I used to be good at Reader’s Advisory. A child or caregiver approached the desk, they asked me for book ideas, and I gave them great books. End of transaction. Everybody walks away happy. Now, with my library closed and our school district’s kids home at least through the summer, we’re working on a mix of old and new strategies to help kids and families find the right books for them.
Book Match was a service my library system offered before the closure. Patrons can fill out a questionnaire online (or if they’re under thirteen, a grown-up can fill it out for them) about their reading interests, and a librarian writes them back with book suggestions from our collection. Shortly after our closure, we started advertising Book Match more heavily on our website and our social media channels, in order to help patrons find great e-books while our print collection is off-limits.
Of course, we used to primarily give recommendations for print books. Now I’ve learned a lot about the e-books we offer through different providers like Overdrive and Hoopla, especially our collections for kids and teens.
Video Book Talks
Children’s librarians are masters of the book talk. We can boil down any book to a quick, minute or two description that yanks a potential reader in and makes them itching to find out what happens next. Since we already have these skills, why not take them online?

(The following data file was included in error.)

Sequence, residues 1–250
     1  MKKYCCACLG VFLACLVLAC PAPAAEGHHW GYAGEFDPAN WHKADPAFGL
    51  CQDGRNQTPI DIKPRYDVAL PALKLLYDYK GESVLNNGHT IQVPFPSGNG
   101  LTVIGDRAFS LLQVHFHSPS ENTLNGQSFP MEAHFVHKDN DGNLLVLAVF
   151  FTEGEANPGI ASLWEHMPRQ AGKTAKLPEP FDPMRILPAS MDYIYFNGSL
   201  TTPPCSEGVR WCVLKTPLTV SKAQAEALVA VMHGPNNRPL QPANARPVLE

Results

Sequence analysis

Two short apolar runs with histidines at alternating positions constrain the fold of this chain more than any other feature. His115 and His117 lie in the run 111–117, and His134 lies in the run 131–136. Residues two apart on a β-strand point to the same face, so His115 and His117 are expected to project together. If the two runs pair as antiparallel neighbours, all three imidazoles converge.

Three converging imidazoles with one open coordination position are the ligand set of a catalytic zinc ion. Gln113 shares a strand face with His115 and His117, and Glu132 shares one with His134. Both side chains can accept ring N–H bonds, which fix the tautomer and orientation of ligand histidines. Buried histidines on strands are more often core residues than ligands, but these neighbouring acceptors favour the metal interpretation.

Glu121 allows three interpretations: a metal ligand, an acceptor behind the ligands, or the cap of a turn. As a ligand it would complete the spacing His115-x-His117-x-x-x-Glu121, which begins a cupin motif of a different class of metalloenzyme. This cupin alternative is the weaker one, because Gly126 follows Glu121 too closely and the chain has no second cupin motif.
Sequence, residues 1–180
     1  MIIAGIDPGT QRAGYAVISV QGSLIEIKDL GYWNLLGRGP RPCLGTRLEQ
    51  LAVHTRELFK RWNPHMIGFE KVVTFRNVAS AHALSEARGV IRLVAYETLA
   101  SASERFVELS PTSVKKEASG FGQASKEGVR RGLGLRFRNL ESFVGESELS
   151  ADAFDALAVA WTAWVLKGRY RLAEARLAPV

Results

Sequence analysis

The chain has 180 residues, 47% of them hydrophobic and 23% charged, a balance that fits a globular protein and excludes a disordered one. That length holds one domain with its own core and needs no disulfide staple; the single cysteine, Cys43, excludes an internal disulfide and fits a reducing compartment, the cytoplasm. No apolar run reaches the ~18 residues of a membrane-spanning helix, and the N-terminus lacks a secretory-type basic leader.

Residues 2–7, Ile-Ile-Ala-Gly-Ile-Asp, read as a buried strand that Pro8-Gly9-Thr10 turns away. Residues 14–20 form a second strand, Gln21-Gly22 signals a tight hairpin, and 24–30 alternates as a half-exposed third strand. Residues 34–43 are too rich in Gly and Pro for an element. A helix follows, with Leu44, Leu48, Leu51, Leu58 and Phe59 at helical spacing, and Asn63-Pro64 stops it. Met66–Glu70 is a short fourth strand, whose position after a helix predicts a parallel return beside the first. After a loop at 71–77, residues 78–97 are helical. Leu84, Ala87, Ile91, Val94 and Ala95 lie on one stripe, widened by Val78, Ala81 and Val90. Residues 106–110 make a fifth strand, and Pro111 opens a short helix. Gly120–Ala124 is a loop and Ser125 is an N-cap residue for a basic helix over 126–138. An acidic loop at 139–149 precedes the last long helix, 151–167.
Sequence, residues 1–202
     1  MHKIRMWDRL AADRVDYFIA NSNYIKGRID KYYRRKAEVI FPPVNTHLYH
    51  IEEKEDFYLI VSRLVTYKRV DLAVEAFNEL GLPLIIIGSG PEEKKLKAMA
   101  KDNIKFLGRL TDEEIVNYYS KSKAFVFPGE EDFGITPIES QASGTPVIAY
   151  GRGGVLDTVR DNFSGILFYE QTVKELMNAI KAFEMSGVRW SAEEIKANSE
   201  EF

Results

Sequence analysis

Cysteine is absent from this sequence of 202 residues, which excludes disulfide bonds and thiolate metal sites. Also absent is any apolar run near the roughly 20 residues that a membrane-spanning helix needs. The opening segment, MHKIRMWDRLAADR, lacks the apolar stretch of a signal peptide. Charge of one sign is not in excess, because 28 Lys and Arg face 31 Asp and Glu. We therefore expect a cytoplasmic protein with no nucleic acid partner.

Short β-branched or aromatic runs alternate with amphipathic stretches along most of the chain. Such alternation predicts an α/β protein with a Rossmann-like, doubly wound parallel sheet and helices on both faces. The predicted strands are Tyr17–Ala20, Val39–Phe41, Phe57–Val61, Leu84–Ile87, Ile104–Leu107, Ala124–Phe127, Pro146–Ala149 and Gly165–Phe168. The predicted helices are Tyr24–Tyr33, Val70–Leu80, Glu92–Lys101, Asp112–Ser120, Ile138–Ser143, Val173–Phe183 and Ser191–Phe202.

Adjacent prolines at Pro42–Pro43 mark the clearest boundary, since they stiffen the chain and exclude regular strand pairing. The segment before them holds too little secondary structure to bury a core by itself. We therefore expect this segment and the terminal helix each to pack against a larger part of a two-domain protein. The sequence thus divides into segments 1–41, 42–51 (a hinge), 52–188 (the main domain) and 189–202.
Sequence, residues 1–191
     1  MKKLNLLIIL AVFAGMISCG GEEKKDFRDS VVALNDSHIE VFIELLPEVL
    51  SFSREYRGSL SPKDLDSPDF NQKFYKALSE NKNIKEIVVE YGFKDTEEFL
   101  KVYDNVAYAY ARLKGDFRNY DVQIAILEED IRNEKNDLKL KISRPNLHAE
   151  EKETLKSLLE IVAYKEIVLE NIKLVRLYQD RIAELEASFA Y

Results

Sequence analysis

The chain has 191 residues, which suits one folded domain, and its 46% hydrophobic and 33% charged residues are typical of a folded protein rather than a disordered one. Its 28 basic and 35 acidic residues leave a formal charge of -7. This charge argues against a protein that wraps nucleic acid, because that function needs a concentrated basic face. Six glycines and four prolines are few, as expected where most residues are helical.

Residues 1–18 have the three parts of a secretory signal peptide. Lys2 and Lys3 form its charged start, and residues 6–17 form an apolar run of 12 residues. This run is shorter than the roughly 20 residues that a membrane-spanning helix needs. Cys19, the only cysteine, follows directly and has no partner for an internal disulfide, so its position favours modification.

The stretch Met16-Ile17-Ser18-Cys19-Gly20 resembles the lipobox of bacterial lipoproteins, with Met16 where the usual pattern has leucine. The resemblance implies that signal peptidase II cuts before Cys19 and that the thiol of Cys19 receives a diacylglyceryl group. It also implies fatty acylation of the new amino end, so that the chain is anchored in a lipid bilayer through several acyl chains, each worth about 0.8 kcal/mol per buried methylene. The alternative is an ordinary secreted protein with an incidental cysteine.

Virtual book talks are a service we’re still in the discussion stage for at my library system, but publishers have been doing this on social media channels like Instagram for years. Questions to consider before launching virtual book talks can include:
- Is the book widely available on our e-book platforms?
- Can the video include a link to e-book tutorials for patrons just getting started?
- Has your library created any policy regarding copyright protections when reading excerpts from books in online video?
- What platform do you want to use? If your library system has already taken storytimes onto Facebook Live, Youtube, or Zoom, then some of your patrons may already be familiar with the set-up.
- Is your intended audience made up of kids or caregivers? Or both? I know I book talk differently to a classroom of fourth graders than I do to their grown-ups.
Reaching Patrons Behind the Digital Divide
Not all our patrons can be reached online. They may not have ready internet access, participate in social media, or have the ability to use e-books even if we could reach them online. What do we do to provide Reader’s Advisory to these patrons?
I’ll be honest: I don’t have a good answer to this question. With my library completely closed to both staff and the public, we can’t even answer phone calls right now. Until we can safely return to the branch, we’re going to have a hard time serving these patrons who really need us.
How is your library providing Virtual Reader’s Advisory? Have you figured out a way to reach your patrons without internet access? Let us know in the comments below. I’d like to shamelessly steal your ideas!
(Photo courtesy of guest blogger)
Today’s guest blogger is Chelsey Roos. Chelsey is a member of ALSC’s Advocacy and Legislation committee and is currently a children’s librarian at the Castro Valley Branch of the Alameda County Library.
This blog relates to ALSC Core Competencies of I. Commitment to Client Group and II. Reference and User Services.